School employees concerned about returning to the classroom

A number of school employees have concerns about returning to campus for the new school year. Some workers say going back to a building for school this fall is unnecessarily gambling with lives.

"It's unsafe. That's the main concern,” says Andy Dewey with the Houston Federation of Teachers.

Just as one teacher asked, would you feel safe inside a school bus or confined in a classroom with 20 to 30 different students arriving every hour and no one knows if someone is infected with COVID-19?

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"There is a definite possibility for the number of cases to increase exponentially even just on one campus. My classes tend to be 30 to 35 students,” says HISD 11th grade English Literature Teacher Coretta Mallet-Fontenot, who's been with the district for more than 20 years.

"Social distancing with kids who haven't seen each other for months, they're not going to social distance. Masks will be on sometimes, masks will be off sometimes. The disease will spread,” said Dewey.

“What's going to happen in the cafeteria?  What about in the restrooms?  Think about the hallways when kids pass down the hallways, grabbing door handles when you enter in and out of classrooms, touching the desks. When students pass classes, other students are going to be coming in entering those spaces,” says Mallet-Fontenot.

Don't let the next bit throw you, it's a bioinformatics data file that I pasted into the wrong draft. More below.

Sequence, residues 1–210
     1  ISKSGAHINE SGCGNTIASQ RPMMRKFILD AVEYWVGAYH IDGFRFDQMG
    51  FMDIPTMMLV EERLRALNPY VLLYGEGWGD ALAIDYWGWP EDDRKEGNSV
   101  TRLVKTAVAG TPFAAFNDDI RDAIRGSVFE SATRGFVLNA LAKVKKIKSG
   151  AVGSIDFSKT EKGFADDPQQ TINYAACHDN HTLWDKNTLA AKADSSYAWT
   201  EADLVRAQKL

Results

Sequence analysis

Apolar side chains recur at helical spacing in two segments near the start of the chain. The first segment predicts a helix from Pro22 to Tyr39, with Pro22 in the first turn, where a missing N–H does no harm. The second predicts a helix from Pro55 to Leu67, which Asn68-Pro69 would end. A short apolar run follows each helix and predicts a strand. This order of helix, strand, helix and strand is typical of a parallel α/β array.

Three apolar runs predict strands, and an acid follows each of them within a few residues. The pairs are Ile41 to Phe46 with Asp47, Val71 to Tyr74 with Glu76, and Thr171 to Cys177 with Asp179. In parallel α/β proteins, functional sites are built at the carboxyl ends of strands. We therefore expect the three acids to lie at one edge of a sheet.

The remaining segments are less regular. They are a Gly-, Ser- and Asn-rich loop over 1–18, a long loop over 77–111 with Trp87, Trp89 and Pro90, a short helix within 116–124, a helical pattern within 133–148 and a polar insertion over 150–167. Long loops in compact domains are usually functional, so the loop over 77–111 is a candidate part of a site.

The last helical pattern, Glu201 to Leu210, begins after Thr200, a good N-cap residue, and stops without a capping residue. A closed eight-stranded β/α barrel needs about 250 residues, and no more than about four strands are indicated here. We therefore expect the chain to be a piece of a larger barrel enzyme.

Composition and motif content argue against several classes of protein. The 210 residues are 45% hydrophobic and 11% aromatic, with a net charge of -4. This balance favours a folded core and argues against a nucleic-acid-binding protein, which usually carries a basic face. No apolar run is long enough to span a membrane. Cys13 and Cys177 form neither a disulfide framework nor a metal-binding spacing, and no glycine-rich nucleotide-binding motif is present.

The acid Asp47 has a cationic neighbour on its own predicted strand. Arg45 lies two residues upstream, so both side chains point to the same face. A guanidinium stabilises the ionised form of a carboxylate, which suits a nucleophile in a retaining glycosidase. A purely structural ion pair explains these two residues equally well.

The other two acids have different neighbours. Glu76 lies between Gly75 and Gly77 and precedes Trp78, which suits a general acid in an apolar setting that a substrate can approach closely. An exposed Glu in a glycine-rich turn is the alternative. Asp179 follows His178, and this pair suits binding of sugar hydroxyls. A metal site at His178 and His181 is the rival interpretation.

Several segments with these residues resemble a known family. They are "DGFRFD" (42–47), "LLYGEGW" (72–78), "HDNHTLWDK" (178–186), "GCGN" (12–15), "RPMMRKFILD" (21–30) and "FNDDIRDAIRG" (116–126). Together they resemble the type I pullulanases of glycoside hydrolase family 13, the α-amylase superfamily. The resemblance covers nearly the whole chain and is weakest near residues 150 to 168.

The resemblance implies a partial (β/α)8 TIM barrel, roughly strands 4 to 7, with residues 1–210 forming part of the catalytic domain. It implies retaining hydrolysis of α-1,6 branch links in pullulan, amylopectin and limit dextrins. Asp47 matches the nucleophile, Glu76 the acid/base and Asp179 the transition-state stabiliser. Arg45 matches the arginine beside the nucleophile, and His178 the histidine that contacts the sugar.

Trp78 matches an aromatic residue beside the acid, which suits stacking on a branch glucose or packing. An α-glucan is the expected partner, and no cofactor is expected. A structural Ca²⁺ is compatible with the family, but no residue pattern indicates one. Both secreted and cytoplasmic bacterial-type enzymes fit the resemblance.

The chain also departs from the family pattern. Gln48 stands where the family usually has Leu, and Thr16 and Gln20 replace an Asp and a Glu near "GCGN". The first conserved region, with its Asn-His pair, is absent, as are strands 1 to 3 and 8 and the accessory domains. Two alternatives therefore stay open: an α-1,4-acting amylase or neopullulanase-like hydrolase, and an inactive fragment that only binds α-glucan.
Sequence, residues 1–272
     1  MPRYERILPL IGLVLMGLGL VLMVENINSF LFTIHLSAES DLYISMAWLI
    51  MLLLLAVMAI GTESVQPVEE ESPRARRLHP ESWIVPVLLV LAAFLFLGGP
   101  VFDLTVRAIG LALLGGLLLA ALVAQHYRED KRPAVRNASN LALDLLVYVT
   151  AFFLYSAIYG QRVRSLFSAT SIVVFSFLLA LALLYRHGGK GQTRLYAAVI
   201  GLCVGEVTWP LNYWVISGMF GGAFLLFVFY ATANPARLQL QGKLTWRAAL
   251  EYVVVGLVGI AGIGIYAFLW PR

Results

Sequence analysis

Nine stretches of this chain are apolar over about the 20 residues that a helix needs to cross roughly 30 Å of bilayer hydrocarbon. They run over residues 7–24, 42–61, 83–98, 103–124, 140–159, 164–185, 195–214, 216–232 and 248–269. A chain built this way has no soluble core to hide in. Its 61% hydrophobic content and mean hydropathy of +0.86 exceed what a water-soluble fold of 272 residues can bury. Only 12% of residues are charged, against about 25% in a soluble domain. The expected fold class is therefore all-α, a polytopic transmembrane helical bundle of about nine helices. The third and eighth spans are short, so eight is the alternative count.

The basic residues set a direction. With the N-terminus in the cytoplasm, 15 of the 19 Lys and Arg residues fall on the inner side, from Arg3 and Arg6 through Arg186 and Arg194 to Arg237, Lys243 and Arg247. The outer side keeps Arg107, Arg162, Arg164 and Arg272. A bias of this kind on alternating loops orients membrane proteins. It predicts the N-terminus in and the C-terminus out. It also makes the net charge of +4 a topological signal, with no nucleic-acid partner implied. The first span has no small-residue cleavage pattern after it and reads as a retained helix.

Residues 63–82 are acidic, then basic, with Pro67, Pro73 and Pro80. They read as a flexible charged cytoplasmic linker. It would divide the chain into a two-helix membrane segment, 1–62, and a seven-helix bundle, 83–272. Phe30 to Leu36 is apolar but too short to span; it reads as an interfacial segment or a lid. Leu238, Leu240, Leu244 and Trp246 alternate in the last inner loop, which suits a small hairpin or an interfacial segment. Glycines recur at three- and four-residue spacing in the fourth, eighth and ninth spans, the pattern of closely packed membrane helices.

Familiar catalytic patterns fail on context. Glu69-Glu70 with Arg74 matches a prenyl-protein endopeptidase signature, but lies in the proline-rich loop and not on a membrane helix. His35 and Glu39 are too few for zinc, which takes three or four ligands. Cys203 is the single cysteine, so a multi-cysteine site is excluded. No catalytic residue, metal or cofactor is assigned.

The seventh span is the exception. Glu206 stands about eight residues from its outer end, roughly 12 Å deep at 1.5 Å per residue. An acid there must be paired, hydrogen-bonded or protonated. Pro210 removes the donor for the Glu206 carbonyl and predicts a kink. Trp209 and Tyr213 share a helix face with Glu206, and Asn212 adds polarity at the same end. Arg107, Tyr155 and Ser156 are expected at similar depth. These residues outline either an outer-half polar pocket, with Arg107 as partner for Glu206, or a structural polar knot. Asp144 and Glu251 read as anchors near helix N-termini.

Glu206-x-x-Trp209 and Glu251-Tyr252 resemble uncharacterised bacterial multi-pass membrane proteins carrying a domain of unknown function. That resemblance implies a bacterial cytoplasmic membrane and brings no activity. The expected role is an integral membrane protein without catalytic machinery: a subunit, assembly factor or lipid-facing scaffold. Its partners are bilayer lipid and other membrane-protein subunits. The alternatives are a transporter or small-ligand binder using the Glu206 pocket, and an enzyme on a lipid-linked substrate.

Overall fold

"Some of us might die from it because our immune system may not be as strong as others,” says Lizzie Revels, who has been an HISD bus driver for more than 30 years.

She's diabetic and is concerned about catching COVID-19 so she mostly stays home unless work forces her out. 

“It's still too soon. It's not getting better, it's getting worse,” says Revels.

"I just don't feel like it's worth it to put people's lives at risk that way.  Then students are going to go home and take it to their parents and grandparents,” adds Mallet-Fontenot.

“Because it can't be done safely the better option is to do virtual learning. Now there are drawbacks on that too. Kids without proper technology, homeless kids. They're going to get left behind to some degree, but you know what we can catch those kids up. The only kids we can't catch up are the ones who die of COVID,” says Dewey.

RELATED: Fort Bend ISD will begin school year all online

Houston ISD is expected to announce its back to school plan on Wednesday.